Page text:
Most of us embark on journeys like this with a vague idea of what we should be doing. One of the benefits of joining a slimming group is that it gives you a plan. It guides you what you should be eating and what you should be careful about eating. It doesn’t say, you can’t eat cake, or chocolate, or whatever, but if you do, account for it. You can eat as much as you want of most things like, fat free protein, veg, fruit, rice (plain), potatoes etc. It’s easy to follow (must be if I can), it makes sense and most importantly, it slowly changes your habits, so it becomes a lifestyle choice. Also, it works. If you follow the plan you will lose weight. Simples, as they say. For me personally, this is something I need and it has helped.
Structure, discipline, objectives
Easy to say, hard to do. Again, for me personally, I need some structure and discipline to help focus me on what I want to achieve. Again, the slimming group has helped enormously in this. When I joined, I was asked what my target was. I didn’t have a clue. I had seen the ‘Club 10’ award (10% loss of weight) so I set that as my target. That was 16st 10lb. I thought that was a stretch and wouldn’t get there. I reached it in week 11. So, I had to reset my target which again I set at a level I thought I couldn’t reach. I have since moved it 3 more times, much to the confusion of everyone.
Also, the structure and discipline of getting weighed every week (I do have my lucky weigh-in shorts which are now too big for me and inappropriate in this cold weather!) and the support you get from the group sessions are really important and have helped enormously.
Leadership and rewards
Like in any business, leadership and rewards are vital to success. In my case, the slimming group is brilliantly led by Beth Wilson, who is not only lovely but inspirational and supportive. She leads by example, is always supportive, offers help if needed and goes that extra mile outside of the group sessions to support those who may be struggling. Always smiling, even when she has tough times herself. Beth has been an important part of my journey so far. She probably doesn’t know it, but if she reads this she will!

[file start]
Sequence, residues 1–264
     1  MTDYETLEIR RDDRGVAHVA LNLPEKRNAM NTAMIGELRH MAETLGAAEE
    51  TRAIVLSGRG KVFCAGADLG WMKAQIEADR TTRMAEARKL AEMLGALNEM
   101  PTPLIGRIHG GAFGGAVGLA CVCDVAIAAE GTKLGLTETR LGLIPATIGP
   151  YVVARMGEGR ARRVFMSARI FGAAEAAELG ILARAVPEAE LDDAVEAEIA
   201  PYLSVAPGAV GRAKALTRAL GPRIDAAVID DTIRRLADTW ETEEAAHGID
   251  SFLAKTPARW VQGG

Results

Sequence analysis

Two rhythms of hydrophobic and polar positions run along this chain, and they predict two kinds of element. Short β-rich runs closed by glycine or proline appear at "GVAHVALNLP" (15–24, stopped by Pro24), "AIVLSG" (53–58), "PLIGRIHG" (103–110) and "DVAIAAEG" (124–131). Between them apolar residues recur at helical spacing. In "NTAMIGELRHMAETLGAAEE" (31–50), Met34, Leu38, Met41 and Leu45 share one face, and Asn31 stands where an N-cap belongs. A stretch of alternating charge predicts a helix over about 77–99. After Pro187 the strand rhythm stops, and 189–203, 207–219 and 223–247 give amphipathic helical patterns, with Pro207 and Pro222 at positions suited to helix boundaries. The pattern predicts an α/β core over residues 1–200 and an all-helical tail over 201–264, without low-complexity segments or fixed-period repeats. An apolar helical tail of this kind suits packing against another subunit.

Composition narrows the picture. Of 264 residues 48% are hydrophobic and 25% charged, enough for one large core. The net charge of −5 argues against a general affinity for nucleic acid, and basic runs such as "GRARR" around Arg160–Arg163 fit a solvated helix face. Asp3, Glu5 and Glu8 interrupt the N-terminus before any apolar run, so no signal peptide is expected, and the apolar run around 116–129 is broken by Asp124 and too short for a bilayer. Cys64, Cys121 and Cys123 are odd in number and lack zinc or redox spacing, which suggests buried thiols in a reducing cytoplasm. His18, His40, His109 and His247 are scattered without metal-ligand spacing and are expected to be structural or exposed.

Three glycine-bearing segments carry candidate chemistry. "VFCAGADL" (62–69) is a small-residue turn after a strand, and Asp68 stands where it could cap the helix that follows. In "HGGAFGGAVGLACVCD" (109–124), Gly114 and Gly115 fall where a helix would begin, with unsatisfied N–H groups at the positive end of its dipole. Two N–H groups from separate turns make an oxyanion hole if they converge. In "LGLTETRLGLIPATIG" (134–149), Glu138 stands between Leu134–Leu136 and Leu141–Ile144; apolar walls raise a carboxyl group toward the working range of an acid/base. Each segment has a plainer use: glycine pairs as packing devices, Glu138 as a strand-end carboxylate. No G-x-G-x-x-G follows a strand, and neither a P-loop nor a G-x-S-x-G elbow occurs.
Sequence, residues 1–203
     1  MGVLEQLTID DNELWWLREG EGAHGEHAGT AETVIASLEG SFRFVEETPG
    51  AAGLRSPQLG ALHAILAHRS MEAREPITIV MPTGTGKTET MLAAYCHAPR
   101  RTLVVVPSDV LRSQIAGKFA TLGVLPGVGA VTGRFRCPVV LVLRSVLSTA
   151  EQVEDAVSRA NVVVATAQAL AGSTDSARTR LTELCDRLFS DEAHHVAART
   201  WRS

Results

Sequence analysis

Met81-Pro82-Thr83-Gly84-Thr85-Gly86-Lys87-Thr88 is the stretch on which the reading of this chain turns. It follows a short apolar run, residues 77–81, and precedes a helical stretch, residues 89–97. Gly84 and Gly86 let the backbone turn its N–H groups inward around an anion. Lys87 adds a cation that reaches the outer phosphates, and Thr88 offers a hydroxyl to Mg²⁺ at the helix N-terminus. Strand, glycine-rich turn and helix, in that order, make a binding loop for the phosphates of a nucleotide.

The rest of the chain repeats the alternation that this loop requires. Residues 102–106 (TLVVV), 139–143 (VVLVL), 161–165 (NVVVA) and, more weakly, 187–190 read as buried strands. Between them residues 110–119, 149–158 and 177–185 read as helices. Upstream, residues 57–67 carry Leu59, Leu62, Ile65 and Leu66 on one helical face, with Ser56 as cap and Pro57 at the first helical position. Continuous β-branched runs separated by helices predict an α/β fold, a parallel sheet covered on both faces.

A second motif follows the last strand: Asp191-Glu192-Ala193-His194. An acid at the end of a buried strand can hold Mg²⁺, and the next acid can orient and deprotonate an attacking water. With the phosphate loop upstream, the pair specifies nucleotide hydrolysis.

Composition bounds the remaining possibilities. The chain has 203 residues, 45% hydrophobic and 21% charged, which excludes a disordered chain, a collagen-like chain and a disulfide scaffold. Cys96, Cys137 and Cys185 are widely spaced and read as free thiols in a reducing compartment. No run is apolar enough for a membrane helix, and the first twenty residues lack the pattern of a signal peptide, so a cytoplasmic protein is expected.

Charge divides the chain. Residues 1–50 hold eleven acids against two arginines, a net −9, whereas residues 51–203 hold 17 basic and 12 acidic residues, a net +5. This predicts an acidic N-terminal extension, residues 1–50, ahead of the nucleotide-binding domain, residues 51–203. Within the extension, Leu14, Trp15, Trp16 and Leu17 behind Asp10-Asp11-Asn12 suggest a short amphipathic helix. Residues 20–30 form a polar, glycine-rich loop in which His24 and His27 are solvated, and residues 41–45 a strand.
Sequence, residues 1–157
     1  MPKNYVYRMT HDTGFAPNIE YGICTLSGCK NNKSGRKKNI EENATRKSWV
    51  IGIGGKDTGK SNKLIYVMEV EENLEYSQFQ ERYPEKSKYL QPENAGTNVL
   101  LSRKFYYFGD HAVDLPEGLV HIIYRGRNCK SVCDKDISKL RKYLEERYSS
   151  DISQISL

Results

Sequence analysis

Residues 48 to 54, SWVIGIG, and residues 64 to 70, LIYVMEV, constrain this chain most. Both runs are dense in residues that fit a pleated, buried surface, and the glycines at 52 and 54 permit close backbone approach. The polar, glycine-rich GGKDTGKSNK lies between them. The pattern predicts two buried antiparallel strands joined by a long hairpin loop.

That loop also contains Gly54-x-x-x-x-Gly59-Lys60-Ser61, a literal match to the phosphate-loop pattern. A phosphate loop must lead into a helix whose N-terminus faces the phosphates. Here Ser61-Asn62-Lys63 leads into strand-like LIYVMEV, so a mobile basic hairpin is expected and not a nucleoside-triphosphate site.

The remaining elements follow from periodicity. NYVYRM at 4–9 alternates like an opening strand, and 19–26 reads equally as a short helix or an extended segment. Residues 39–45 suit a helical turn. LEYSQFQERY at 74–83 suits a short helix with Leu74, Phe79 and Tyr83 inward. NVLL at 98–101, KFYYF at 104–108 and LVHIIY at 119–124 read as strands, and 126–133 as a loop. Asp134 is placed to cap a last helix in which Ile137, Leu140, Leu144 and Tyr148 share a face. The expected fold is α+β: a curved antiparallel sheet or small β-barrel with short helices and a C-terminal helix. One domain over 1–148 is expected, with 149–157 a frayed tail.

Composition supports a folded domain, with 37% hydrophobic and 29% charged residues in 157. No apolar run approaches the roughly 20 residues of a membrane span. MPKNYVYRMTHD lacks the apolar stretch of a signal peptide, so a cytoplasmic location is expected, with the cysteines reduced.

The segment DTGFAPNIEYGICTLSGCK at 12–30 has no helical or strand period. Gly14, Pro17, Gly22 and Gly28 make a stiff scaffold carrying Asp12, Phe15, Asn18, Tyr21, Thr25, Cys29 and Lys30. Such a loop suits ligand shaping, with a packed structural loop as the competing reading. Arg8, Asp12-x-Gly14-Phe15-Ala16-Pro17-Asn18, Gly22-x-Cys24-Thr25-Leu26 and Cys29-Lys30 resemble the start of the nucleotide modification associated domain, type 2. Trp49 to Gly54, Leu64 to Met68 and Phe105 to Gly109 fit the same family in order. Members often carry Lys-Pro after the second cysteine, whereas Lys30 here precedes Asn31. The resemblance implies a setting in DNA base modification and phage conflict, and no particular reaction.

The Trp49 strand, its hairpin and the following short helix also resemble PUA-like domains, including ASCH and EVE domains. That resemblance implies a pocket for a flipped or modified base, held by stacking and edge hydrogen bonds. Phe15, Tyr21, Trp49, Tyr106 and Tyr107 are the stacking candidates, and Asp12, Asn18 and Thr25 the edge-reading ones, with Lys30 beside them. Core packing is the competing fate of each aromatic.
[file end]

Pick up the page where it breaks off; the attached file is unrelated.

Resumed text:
When dealing with clients, I often discuss non-financial rewards and how far small gestures can go to keep people motivated, on track and reward success. Those certificates and ‘shinies’ when you reach a milestone are important. They are public recognition of achievement and I know friends, family and colleagues at Gateway HR have been bombarded with mine. It is also important, I believe, to share your successes so everyone knows and can continue with that support to continue the change.
So where am I now?
Well, you are looking at Mr Sleek 2018. An honour I never thought I would ever get. I have been called many things but sleek has never been one of them. At the last weigh-in I was 13st 11lb; a loss of 4st 11lb in 29 weeks (plus the stone I lost before joining). My target is now 13st 7lb and that will be it, I will be happy at that. My BMI is 26.9 so much closer to the 25 I’m supposed to be (although I’m happy at just above). And my blood pressure is fine, and I bought and got into a pair of 34” slim fit trousers the other day. I don’t think I’ve been that size since about 1982. I feel a lot better – if poorer as I have to buy new clothes, although my Christmas list was easy this year!
So, is that it, near journey’s end? No. The next challenge, which is probably even greater, is to maintain and not go back to where I was. This is my New Year’s resolution for 2019 and I will be using the lessons learned so far to do this.
Happy New Year and all the very best for 2019.